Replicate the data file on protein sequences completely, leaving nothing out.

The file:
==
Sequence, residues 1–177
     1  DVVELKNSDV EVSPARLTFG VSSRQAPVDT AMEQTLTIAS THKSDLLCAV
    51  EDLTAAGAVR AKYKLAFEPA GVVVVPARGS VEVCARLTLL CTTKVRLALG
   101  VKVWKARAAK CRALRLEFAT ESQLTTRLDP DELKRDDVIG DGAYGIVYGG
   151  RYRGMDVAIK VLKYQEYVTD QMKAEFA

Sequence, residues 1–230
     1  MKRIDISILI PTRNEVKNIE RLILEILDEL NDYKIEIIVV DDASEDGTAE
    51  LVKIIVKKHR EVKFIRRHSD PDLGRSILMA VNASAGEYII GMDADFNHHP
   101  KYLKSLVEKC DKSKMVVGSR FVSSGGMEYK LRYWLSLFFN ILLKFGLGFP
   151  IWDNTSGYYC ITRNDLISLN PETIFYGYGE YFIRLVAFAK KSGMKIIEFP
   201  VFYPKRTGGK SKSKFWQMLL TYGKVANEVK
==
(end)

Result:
Sequence, residues 1–177
     1  DVVELKNSDV EVSPARLTFG VSSRQAPVDT AMEQTLTIAS THKSDLLCAV
    51  EDLTAAGAVR AKYKLAFEPA GVVVVPARGS VEVCARLTLL CTTKVRLALG
   101  VKVWKARAAK CRALRLEFAT ESQLTTRLDP DELKRDDVIG DGAYGIVYGG
   151  RYRGMDVAIK VLKYQEYVTD QMKAEFA

Sequence, residues 1–230
     1  MKRIDISILI PTRNEVKNIE RLILEILDEL NDYKIEIIVV DDASEDGTAE
    51  LVKIIVKKHR EVKFIRRHSD PDLGRSILMA VNASAGEYII GMDADFNHHP
   101  KYLKSLVEKC DKSKMVVGSR FVSSGGMEYK LRYWLSLFFN ILLKFGLGFP
   151  IWDNTSGYYC ITRNDLISLN PETIFYGYGE YFIRLVAFAK KSGMKIIEFP
   201  VFYPKRTGGK SKSKFWQMLL TYGKVANEVK